Is Breaking a Mortgage Rate Lock Agreement Legal
by Jen from Burke, Virginia
Ask Kate if breaking a mortgage rate lock agreement is legal: Let's say you're refinancing and locked your interest rate. You are about to sign final loan documents when the hatchet drops. You learn that you owe an additional $2000 to keep your locked rate of 3.8% and your lender is playing dumb. Jen from Burke, Virginia asks me if this is a legal practice.
Good Faith Estimate and Mortgage Rate Lock Agreement at Closing By Jen from Burke, Virginia
We are in the middle of a refinance. We signed a 20 year refinance Good Faith Estimate for 3.8% with $535 of credit towards closing.
We signed the documents the day we received the offer and before the time we were told it would expire.
Now we are in the closing stage and have been told that the rate was not locked at the price of our Good Faith estimate and now we must pay $2000 to keep the 3.8% rate on top of all of the other closing costs. Is this legal?
They have told us they don't know how the mistake was made but they can't fix it. It is almost a month later. What can I do?
This company also was going to charge us a subordination fee for our second mortgage which you can't do in the state of Virginia? Are these honest mistakes or unethical?
Ask Kate answers: Good Faith Estimate and Mortgage Rate Lock Agreement at Closing
Whether the mortgage company is sloppy at processing your refinance, specifically your rate lock, or down-right unethical, you do not have to put up with this. They can too fix it! They must!
Open your packet of loan disclosures that you've signed thus far during your refinance, specifically the Good Faith Estimate (GFE) and the Rate Lock Agreement.
You need both documents. Having a Good Faith Estimate of closing costs is not sufficient to verify your rate lock. The GFE must be accompanied by a Rate Lock Agreement. Here is a rundown on the function of each document with a link to more information on my website.
Good Faith Estimate of Mortgage Closing Costs
The Good Faith Estimate
verifies the loan amount, interest rate, closing costs, and monthly mortgage payment. But if the rate is not locked simultaneously, the rate (and thus the payment) is subject to change until locked.
Mortgage Rate Lock Agreement
The Rate Lock Agreement
will specify your locked interest rate, discount points (the cost or credit associated with the rate), and just as important, the date on which the lock expires. Your loan process must be funded and recorded before the lock-in period expires.
You should also peruse the Rate Lock Agreement for other terms that are included with the rate lock, for example, floating down for a lower rate and extending rate lock expiration dates
By the way, borrowers should bring to closing both the Good Faith Estimate and the Rate Lock Agreement so that they can compare them to the final loan documents.
Determining If Your Lender Is Unethical
As I said before, you should not put up with broken rate lock agreements, without cause. It's one thing to nullify a locked rate because you (as the borrower) delayed closing or did not properly disclose your finances. It's clearly another matter for your lender to blatantly attempt to wiggle out of an agreement because interest rates increased after you locked.
The first step in retrieving your locked rate is to call you loan originator. Have your Good Faith Estimate and Rate Lock Agreement on hand so you can refer to them.
Should you find that you are spinning your wheels with the loan originator, go to the official website of the mortgage company. Determine the officers of the institution and begin calling them one by one until you get someone with authority who will listen to you.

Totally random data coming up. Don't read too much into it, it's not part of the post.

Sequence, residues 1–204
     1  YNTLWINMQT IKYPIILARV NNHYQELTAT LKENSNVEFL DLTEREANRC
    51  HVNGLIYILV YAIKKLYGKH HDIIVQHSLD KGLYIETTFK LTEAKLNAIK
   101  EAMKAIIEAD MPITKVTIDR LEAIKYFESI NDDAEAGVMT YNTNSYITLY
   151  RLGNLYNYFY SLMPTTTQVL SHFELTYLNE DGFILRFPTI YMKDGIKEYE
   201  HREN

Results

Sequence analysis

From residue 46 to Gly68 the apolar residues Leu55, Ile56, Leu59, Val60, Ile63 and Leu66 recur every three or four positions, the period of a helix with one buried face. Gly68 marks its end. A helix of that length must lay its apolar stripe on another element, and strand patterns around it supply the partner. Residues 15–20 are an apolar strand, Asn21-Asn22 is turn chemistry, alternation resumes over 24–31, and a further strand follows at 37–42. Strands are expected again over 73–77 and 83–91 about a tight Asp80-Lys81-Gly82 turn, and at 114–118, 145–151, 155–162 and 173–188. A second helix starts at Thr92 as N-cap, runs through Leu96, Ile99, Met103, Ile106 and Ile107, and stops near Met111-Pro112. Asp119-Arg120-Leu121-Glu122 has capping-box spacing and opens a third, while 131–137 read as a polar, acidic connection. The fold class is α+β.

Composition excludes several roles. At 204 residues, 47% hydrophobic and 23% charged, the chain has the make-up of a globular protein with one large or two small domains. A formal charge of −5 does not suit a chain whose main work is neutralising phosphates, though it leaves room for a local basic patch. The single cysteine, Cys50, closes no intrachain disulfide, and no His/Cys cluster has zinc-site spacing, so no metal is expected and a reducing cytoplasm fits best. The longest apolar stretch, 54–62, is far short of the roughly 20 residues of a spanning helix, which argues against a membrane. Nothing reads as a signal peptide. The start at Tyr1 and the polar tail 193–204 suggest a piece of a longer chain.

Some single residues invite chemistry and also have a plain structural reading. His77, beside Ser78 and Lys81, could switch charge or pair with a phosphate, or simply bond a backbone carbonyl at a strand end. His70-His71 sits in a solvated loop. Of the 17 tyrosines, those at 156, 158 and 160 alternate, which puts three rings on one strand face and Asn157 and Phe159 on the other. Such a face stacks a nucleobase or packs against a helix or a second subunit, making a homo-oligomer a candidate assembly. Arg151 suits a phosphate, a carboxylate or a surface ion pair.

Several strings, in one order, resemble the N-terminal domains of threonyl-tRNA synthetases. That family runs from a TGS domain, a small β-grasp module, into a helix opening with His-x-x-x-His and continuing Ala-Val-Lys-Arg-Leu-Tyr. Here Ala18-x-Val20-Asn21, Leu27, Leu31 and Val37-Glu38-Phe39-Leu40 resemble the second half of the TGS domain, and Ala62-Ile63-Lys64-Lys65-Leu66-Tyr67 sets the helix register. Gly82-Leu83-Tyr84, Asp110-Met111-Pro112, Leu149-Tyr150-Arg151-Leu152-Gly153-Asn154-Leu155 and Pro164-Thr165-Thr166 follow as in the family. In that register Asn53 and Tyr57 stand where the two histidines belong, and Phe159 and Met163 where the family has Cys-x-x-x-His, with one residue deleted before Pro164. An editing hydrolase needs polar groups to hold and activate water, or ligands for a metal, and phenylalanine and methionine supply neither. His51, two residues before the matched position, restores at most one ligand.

Keep a log of all conversations, such as names, dates, contact numbers, and details of the conversation. You will need these for the next step.
If You Need to Accelerate a Complaint
If there is no resolution, let the mortgage company know you will be immediately filing complaints with state and federal officials, including the Consumer Financial Protection Bureau.
I've already done the leg work for you. Here is how to easily get the names and addresses of government entities who are prepared to take action if you are not being treated fairly by mortgage lenders.
How to Contact Washington D.C., Write Your Government Agencies, and File a Mortgage Complaint
You have the power to make a change! Contact your elected representatives and government agencies to tell your story, file a complaint, express an opinion, and request changes that affect homeownership.
1. Submit a complaint with the Consumer Financial Protection Bureau, established by Congress to protect consumers, or you can call 855-411-2372.
2. Go to WhiteHouse.gov, 'Contact Us' to reach Corresponding with the White House. This is is a quick and simple way to write the President, telling about your struggles with homeownership and ask for specific change.
3. Go to Senate.gov, 'Find Your Senators', scroll down to your state and click. You will be given your US Senators with contact information. Send the same letter you sent to the White House.
4. Go to House.gov, 'Find Your Representative' and fill in your zip code. You will be given your House of Representatives with contact information. Send the same letter you sent to the White House and Senate.
5. Go to State.gov Of course, first fill in your state's name. Then on your state website, do a search (for example, 'mortgage help') to find contact information. Send the same letter you sent to the White House, Senate, and House of Representatives.
6. Call your Better Business Bureau to report specific companies. For example, report Rust Consulting to the BBB if you did not receive your settlement check.
One more thing! You will also want to read How to Protect Your Locked Mortgage Rate
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